China has been playing a leading role in the world’s fight against climate change over the past years and countries across the world urgently need to deepen cooperation to meet the challenges stemming from climate change, Keshmeer Makun a Fijian Expert has said.
Keshmeer Makun, Lecturer at the School of Economics of the University of the South Pacific based in Fiji’s Capital Suva, said that China as the largest developing country, has been playing an active role in global climate actions.
Noting there are multiple examples of China leading climate actions, Makun said that China, by financing green energy projects around the world, is helping countries heavily dependent on fossil fuels gradually transition to other eco-friendly energy.
“For example, China is Africa’s largest bilateral partner for the continent’s clean energy projects.”
China’s huge efforts put into the development of clean energy technologies “will make possible its plan to become carbon neutral,” he said, adding “the recent stances that China has taken are greatly welcomed. It will provide much needed push to global climate politics.”
“China’s carbon neutral decision by 2060 will help shape how the rest of the world including some of the big emitters (G7 and G20) would shift from fossil fuel that affects climate to carbon neutral,” Makun said.
Calling China a leading advocate for and “a very active partner” in South-South cooperation on tackling climate change, he said that “China’s experience is being examined and shared with many other developing economies” through global and regional platforms.
Makun welcomed China’s pledge to prioritize building an ecological civilization through the Belt & Road Initiative (BRI), saying that China has worked together with countries along the Belt & Road, including Fiji, to cope with climate change.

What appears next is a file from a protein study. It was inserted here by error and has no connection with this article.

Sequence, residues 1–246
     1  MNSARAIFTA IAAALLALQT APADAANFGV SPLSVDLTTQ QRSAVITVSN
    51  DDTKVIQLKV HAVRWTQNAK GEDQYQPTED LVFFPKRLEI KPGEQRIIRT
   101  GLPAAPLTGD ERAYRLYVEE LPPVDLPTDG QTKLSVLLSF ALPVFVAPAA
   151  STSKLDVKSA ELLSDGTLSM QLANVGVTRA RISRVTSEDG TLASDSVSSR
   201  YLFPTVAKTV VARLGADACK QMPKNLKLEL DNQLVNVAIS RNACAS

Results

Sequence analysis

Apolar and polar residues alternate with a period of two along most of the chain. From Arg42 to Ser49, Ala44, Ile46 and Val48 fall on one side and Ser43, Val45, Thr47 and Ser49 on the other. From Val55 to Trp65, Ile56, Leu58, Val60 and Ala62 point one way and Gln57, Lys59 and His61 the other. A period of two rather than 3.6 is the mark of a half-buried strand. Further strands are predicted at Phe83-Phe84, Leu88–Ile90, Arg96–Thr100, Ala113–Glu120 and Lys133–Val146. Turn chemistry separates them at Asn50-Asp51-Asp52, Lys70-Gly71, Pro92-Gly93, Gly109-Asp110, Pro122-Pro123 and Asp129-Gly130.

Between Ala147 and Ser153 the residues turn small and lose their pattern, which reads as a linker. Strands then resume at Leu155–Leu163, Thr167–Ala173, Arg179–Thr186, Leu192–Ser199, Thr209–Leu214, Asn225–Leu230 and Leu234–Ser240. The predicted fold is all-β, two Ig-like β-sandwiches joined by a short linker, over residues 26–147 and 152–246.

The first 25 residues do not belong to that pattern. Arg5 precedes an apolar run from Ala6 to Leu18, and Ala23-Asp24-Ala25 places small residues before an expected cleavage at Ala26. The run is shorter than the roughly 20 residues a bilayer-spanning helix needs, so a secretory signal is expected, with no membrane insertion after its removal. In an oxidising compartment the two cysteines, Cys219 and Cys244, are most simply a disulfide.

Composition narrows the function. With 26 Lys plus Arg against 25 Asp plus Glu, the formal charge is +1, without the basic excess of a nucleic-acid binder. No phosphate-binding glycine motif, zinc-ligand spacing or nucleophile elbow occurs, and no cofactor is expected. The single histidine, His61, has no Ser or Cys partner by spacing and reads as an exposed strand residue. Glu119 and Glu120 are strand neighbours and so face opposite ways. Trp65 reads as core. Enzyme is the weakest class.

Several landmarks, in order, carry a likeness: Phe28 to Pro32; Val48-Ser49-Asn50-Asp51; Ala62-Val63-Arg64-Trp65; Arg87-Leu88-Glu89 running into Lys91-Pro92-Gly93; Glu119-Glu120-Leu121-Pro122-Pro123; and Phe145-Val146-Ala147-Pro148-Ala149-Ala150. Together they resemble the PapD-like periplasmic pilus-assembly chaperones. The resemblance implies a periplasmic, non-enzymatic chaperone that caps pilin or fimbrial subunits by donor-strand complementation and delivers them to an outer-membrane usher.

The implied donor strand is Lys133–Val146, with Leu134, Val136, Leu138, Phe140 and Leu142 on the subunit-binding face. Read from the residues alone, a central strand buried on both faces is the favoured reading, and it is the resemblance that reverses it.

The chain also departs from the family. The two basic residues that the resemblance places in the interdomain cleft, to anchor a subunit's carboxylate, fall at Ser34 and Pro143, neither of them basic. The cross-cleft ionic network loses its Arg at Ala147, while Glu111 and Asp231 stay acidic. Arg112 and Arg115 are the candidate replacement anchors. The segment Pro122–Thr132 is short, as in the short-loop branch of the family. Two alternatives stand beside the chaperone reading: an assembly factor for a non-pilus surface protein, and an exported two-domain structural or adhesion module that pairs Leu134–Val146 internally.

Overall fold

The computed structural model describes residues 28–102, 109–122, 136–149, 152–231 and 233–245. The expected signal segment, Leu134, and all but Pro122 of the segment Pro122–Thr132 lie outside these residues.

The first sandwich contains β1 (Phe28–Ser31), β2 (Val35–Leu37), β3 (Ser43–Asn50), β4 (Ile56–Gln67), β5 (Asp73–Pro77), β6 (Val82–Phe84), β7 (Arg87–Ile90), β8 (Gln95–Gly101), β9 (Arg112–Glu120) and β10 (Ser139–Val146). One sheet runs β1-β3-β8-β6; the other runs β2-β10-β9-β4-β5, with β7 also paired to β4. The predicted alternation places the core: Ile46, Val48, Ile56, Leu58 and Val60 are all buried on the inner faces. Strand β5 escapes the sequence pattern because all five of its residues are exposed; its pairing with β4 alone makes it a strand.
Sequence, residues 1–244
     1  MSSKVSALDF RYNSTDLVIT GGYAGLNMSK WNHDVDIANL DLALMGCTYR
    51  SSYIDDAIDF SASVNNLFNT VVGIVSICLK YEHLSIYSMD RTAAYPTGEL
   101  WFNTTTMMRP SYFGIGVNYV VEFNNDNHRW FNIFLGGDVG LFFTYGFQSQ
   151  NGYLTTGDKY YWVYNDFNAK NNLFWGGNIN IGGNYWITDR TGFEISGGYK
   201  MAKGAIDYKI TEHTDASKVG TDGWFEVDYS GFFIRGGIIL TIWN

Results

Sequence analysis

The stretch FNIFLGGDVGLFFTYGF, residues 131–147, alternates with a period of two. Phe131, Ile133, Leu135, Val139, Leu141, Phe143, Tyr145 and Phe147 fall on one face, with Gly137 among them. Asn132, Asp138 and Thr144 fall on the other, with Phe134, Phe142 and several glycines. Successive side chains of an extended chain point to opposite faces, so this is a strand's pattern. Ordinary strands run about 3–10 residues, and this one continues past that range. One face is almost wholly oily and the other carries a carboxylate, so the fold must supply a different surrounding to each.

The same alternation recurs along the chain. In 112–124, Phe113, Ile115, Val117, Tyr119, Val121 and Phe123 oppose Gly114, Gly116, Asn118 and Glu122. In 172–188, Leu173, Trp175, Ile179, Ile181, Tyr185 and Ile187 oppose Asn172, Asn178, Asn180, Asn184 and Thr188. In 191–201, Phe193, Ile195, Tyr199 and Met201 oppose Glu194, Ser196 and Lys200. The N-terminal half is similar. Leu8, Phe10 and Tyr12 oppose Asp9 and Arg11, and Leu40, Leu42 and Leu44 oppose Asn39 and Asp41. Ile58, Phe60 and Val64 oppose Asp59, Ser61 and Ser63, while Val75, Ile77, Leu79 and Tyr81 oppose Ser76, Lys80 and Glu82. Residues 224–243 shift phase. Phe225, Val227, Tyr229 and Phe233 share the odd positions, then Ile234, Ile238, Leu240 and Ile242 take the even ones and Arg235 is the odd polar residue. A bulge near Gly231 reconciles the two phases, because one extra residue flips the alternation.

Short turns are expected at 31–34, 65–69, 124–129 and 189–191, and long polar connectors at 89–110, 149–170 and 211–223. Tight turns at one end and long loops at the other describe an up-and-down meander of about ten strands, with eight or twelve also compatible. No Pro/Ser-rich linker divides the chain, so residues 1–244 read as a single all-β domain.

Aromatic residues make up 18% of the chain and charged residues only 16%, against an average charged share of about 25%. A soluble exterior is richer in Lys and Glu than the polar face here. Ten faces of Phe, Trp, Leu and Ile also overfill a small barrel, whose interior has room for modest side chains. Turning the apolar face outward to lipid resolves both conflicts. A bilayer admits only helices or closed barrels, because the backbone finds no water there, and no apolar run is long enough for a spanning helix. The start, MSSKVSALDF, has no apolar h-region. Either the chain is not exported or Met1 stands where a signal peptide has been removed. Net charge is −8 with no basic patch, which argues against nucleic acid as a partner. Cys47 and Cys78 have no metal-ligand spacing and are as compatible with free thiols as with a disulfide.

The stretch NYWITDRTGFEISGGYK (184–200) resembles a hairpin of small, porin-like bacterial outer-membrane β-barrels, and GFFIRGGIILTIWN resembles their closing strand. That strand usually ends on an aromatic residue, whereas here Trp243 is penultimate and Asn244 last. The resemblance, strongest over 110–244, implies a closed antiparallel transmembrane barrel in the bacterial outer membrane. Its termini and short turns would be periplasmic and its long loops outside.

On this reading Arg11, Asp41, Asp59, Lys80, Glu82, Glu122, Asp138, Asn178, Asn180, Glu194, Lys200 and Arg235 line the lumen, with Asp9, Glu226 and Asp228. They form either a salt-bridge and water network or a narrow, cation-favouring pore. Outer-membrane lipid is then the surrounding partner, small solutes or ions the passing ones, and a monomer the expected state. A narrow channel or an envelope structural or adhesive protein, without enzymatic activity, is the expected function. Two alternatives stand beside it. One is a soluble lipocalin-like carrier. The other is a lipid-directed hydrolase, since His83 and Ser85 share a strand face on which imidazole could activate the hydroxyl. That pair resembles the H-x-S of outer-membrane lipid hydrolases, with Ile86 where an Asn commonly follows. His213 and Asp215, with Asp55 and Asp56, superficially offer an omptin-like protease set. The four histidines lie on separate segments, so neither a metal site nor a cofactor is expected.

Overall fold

Meanwhile, he stressed that developed economies should set an example in reducing emissions and take the lead in fulfilling their funding commitments to provide adequate technical and capacity-building support for developing countries.
“With respect to providing technical, financial and capacity-building support, the developed economies can also work with the international financial institutions to facilitate green financing for needy countries,” he said. “Bilateral and multilateral partnership is crucial to deliver climate change objectives.”
“Science is telling us that climate crisis is intensifying and there is urgent need for actions. Thus, countries need to act swiftly and decisively, individually as well as in partnership. They need to think seriously about the sustainability of the planet and humankind,” the expert stressed.
Countries need to properly balance economic development and environmental protection, Makun said, adding that he expects for a healthy global cooperation in climate actions which can pave the way for green development and ultimately benefit the planet.